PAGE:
It’s Internet de rigueur to comment on the new Yamaha Reface keyboards — whether you’ve played them or not! So, here goes…
I’m in fat city with an original AN-200 (Prophet-5 plus beat machine in a box), a P-50m (pianos in a box), a CS-01 (monophonic analog synthesizer) and a Nord Electro 2. Although a few of these pieces are gathering dust, they pretty much cover the sonic territory of Reface. DX-wise, I had more than enough FM in the 80’s, thank you, and could always get my old CE-20 repaired, if the urge to frequency modulate should ever overcome me again. Overall, I’m unlikely to take the plunge and buy a Reface keyboard just out of necessity.
First off, I genuinely wish Yamaha all the success in the world with these products. This is the first time that Yamaha have strayed from the AWM2 mainstream in some years. I would hate to see this innovative product line tank and make Yamaha risk-averse. The Reface product line started out as an after-hours skunk works engineering project. The fact that Yamaha committed to manufacturing and marketing Reface is significant and shows real effort to shift their corporate culture. Further, if Reface makes scads of money for Yamaha, then its profits will lift other boats within Yamaha.
Sonically, Reface sounds pretty darned good. The CP and YC are my favorites because they fit with the musical genres that I work in. I hope that some of this technology will migrate into future synthesizer and arranger workstation products. Spectral Component Modeling (which includes Virtual Circuit Modeling) grew from VL technology. The VCM effects in the MOX/Motif are quite good, so please give me more of that! I am pleased to see Yamaha work on organ emulation and would like to see the drawbar control, vibrato/chorus and rotary speaker effects in a new workstation. Both the Motif/MOX and higher-end arrangers are missing the Hammond “vibrato scanner” effect — a significant omission.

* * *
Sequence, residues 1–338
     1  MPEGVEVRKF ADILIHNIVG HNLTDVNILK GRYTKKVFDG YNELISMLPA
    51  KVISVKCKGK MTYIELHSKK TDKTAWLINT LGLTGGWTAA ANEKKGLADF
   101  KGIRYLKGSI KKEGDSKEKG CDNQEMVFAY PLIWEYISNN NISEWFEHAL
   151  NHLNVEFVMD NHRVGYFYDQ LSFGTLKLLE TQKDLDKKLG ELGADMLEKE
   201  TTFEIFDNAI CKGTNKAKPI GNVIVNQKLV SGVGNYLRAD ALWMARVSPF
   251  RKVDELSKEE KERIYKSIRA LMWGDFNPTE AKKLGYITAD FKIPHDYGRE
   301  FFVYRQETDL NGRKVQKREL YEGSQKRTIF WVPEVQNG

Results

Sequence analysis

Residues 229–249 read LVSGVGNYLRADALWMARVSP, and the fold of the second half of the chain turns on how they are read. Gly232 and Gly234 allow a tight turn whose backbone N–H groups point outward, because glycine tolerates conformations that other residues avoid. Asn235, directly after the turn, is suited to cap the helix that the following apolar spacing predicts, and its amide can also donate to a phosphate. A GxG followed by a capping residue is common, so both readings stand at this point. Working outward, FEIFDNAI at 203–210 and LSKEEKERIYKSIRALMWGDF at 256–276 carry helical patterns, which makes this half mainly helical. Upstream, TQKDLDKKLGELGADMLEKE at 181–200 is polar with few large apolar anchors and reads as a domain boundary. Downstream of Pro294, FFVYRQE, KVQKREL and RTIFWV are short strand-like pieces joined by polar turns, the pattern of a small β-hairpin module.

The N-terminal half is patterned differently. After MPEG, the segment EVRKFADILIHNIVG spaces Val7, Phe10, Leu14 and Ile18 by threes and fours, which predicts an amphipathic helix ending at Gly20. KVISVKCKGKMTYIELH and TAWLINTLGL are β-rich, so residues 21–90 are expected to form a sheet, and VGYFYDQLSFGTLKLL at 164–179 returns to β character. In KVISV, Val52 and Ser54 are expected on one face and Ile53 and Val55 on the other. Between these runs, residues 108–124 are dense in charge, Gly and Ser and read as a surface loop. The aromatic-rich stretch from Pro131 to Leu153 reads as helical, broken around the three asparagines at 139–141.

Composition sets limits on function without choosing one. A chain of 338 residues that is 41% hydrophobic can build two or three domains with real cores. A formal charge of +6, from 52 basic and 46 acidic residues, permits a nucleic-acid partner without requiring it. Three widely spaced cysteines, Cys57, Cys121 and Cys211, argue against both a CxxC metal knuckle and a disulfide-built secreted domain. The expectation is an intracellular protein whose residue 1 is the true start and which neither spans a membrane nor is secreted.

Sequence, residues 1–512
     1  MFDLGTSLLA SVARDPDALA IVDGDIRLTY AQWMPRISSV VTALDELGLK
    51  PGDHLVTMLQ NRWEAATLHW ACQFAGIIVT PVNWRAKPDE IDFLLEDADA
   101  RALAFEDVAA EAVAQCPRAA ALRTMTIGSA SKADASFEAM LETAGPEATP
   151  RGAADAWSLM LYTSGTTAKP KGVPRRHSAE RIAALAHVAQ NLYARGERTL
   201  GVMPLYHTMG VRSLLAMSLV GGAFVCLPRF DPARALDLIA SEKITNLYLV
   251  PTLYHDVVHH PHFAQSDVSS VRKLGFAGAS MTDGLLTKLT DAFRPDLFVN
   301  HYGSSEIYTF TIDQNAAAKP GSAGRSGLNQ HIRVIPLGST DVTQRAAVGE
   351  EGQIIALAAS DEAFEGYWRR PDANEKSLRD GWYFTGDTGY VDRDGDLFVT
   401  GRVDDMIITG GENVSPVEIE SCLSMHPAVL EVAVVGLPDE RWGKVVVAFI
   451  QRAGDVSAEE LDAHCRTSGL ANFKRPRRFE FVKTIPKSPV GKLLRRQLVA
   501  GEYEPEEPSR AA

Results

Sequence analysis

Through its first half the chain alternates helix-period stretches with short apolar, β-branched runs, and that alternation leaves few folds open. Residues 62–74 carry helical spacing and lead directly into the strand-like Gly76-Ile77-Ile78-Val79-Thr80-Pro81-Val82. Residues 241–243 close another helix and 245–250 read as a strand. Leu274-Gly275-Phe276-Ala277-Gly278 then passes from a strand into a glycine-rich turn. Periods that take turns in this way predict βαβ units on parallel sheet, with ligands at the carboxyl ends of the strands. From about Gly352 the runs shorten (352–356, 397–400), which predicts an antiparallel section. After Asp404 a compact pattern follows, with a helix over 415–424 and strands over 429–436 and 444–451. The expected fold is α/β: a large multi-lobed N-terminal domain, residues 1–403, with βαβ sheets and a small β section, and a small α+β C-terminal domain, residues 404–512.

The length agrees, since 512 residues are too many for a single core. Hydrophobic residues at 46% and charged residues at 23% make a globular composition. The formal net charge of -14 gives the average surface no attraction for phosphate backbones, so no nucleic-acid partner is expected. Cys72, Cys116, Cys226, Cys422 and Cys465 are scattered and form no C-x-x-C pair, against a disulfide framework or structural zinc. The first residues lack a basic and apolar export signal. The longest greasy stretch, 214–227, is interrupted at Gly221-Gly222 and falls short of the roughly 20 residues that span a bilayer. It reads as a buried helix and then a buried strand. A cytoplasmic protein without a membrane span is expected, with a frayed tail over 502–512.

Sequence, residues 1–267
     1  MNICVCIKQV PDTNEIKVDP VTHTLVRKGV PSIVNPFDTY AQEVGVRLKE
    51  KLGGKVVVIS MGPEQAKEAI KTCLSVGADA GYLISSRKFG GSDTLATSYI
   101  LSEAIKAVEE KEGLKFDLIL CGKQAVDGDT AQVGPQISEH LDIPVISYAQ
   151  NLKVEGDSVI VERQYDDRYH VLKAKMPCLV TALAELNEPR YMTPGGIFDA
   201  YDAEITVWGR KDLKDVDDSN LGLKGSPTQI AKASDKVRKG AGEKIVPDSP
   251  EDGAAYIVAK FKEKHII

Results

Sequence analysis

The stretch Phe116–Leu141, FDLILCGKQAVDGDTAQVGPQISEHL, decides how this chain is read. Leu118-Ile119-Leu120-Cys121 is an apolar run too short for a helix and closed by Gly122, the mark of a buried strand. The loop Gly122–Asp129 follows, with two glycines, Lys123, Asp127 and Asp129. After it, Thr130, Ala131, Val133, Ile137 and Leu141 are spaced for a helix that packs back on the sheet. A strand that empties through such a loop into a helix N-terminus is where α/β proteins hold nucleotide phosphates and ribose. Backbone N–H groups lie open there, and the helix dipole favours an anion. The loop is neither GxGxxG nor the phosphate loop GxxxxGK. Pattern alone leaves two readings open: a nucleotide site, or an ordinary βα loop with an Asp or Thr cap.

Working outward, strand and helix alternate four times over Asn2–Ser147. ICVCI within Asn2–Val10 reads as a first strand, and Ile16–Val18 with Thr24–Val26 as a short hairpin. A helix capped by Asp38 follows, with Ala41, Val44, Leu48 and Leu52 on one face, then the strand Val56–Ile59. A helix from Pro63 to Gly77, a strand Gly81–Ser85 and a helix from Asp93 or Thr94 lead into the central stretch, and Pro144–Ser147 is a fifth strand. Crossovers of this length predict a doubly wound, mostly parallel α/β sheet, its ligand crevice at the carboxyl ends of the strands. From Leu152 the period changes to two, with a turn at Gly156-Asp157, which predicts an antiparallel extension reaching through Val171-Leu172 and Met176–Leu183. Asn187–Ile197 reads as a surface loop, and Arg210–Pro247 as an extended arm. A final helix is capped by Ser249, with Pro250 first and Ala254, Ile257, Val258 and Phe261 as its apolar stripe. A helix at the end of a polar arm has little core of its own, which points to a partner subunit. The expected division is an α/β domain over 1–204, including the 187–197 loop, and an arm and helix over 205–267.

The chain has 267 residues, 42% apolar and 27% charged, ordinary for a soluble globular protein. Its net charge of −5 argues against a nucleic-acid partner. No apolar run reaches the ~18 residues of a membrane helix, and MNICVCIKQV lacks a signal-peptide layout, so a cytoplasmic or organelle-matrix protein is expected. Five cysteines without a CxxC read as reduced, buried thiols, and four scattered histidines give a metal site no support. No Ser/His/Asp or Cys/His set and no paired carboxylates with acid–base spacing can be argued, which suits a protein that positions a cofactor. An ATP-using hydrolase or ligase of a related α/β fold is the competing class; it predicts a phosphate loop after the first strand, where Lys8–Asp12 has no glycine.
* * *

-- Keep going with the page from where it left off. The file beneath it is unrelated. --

So, why am I not buying? Apparently, “mini” keyboard sales are making money for Novation and others, and Yamaha wants a piece of this market. The decision to use mini-keys strongly bifurcates the marketplace — you either like (accept, tolerate) mini-keys or you don’t. I’m a “don’t.” I have tried mini-keys in the past and, well, no thanks. This is not an “anti-Yamaha” position — I lost all interest in the Korg Odyssey, for example, when I learned that it had mini-keys.
The Reface is touted as a portable, take-it-anywhere keyboard. If you’ve been reading this blog, then you know that I’ve put together a portable rig based on the Korg Triton Taktile (TT.) The TT has 49 full-size keys and is not much bigger or heavier than a Reface. The TT key bed is excellent and four octaves is enough room to roam. Although the TT is missing the up-to-date tone generation and effects technology in Reface, it’s a very playable alternative to Reface.
Finally, there is the issue of the $500 street price. I suspect that Yamaha is looking to make a few extra bucks from the early adopters. Korg may have pursued the same strategy with the TT. They brought the TT out at a higher street price and then eventually reduced the price to the current $350 USD. The TT comes with a superb bundle of software plug-ins and offers, making it a terrific bargain. Unfortunately, for Yamaha, this is the competition facing Reface (pun intended) and a $500 street price looks mighty steep for an ax with mini-keys and no free software incentives.
Internet reaction from Reface detractors has been vehement — far over the top, in my opinion. It seems like some people have taken Reface as a personal affront! Please, settle down. Yamaha is a big company and they will surely roll out new products for the rest of us. The Motif refresh is overdue, for example, and must be in the works. It’s good to see Yamaha releasing new products that are out of its mainstream offerings. All the best!